Editor's note: The follow article was originally published on Alltech's blog celebrating new ideas in science and business.
It is estimated in 2003, the United States dairy industry lost $897 million due to heat stress related issues. How can an industry lose this much money to a climate change, how can we combat it, and can you imagine all of the positive things that could have been done with $897 million?
What changes can we make, and where do we start?
Dr. David Kelbert, a veterinarian out of North Central Florida, where 70 percent humidity and 90 degree temperatures are quite common, works hard to keep cows healthy and efficient, while also specializing in beating heat stress and keeping herds cool.
Dr. Kelbert lists five considerations when assessing your dairy operation for heat stress:
- Focus on two areas: Cow comfort and nutrition.
- Evaporative cooling: This process involves cooling the cow by using the heat from the cow’s body to vaporize the water, thus cooling the animal in the process. In order to cut down on wasting water, it is important to get them wet, let them dry and then wet them again. Try not to wet cows that are already wet.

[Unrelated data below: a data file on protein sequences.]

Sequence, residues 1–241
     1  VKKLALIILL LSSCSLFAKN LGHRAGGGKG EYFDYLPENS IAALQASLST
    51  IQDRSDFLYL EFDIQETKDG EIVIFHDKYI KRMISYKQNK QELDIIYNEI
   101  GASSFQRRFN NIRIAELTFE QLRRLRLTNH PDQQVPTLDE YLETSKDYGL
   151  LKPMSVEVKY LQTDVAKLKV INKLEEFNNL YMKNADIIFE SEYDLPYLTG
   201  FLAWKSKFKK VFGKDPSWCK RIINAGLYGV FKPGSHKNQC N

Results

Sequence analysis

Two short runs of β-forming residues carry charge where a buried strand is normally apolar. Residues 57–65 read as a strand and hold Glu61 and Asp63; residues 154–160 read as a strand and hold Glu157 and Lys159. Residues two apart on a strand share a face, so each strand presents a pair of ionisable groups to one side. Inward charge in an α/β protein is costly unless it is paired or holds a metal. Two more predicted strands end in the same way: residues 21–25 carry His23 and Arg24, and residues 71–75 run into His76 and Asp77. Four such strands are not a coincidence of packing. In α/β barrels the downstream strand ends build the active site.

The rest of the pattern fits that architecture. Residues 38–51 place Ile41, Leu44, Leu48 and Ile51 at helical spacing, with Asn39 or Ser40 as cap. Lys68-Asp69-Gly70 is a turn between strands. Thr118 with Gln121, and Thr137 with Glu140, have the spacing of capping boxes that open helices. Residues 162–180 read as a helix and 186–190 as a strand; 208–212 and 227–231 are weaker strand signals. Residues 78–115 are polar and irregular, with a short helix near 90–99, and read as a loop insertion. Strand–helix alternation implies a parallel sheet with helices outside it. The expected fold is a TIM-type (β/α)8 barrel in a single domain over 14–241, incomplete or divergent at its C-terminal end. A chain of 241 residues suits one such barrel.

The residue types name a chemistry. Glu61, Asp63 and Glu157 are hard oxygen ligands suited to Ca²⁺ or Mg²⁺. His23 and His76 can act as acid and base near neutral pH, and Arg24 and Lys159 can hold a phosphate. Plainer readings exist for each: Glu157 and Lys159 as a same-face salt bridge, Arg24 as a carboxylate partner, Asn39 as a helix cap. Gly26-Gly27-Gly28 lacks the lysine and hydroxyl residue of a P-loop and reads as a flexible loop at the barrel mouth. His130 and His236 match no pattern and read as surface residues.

- Feed bunk management: Similar to how the summer heat can impact when and what you eat, the same goes for your cows. Manipulating your schedule to meet the needs of your herd is critical in the summer months. Feeding in the cooler parts of the day helps to drive consumption and as a result decreases the many effects that depressed feed intake could have on your herd.
- Test your forage and adjust your ration. The heat can have a substantial effect on the quality of the forages that you are feeding. Testing your forages weekly and adjusting your ration based on those results is encouraged.
- Keep the rumen stable: During the summer heat the occurrence of rumen acidosis tends to increase as result of the pH in the rumen going below 5.5. Assessing your nutrition program and including a yeast product can help in maintaining the stability in the rumen.